Cloves, chosen as the Medicinal Plant of the Year in 2010, impress with their positive effects and versatile use in the kitchen. Discover more about the properties and culinary applications of cloves.
Natural Splendor on the Tree
On the clove tree, which can grow up to 10 meters high, the precious cloves develop as buds. Their intense aroma is at its h2est just before harvesting. These valuable cloves thrive in countries like Madagascar, Indonesia, Sri Lanka, and South America, where they are carefully harvested.
The healing power of cloves was already known to the ancient Egyptians and Romans. In Chinese cuisine and medicine, cloves have always been valued. According to Dr. Bharat B. Aggarwal, cloves can have pain-relieving and antibacterial effects, especially for toothaches. They promote circulation and aid protein digestion. Cloves are perfect for winter, warming the body and soul – a Kapha-reducing effect, as described by Petra Kühne.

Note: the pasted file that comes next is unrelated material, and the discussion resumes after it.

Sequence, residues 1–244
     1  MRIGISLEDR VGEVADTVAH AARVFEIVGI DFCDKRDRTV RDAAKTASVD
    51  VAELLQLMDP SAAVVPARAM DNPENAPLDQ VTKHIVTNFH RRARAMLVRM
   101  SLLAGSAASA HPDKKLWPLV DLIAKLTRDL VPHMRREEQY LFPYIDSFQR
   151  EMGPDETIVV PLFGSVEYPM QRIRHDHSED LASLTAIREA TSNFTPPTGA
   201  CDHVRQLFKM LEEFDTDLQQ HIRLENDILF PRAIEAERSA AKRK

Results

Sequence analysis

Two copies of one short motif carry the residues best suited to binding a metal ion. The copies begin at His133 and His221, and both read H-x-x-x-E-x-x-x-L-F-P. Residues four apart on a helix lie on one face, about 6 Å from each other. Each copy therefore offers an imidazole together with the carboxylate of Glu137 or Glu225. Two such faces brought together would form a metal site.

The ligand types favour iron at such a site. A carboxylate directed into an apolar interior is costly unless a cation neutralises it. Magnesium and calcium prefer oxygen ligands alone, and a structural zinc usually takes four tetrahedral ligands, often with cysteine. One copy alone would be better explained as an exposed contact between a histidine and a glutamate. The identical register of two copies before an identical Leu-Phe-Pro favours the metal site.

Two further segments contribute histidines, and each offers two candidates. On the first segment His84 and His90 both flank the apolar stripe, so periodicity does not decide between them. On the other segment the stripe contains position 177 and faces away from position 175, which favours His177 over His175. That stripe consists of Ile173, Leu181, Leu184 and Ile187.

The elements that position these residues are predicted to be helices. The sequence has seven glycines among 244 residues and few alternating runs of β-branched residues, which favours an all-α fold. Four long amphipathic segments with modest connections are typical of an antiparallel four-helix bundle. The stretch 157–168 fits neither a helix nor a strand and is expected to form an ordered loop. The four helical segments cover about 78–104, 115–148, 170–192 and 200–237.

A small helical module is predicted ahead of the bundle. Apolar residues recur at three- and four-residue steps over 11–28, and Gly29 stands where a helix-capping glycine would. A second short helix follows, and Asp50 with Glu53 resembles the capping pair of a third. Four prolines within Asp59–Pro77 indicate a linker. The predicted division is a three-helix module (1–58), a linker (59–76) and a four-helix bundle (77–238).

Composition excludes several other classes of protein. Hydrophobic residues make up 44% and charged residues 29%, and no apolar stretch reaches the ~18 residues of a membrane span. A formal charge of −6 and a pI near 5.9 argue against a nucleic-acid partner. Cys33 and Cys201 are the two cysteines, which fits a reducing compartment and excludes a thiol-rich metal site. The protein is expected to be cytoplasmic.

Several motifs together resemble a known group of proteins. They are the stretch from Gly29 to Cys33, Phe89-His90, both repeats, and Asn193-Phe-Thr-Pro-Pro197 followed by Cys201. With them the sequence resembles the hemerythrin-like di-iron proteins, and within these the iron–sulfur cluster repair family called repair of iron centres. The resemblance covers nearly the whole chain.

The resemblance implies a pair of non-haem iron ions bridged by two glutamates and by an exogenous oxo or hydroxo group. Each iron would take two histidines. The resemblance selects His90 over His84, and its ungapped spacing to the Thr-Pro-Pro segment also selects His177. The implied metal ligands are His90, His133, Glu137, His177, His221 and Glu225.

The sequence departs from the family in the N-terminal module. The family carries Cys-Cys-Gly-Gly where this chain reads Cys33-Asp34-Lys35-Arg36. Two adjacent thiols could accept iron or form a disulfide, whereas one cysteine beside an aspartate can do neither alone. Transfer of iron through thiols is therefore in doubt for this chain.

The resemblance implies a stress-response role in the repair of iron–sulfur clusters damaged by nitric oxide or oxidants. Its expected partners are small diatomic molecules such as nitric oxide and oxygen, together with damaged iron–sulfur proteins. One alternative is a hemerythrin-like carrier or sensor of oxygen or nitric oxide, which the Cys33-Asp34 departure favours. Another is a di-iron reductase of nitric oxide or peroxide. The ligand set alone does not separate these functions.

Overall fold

Cloves are associated with Mars energy and can reduce excess iron, as well as help against parasites, bacteria, and fungi. They regulate hormone balance and water retention.
Cloves in the Kitchen
The taste of cloves is described by Petra Kühne as sharp and resolving. We're familiar with the warming effect of cloves, especially in chai tea. However, cloves also work well in many other dishes: compotes, sauerkraut, red cabbage, and Christmas cookies all benefit from the intense aroma of cloves. Use them sparingly to bring out the taste optimally.
With their warm aroma, cloves add a special touch to many dishes and bring additional positive effects.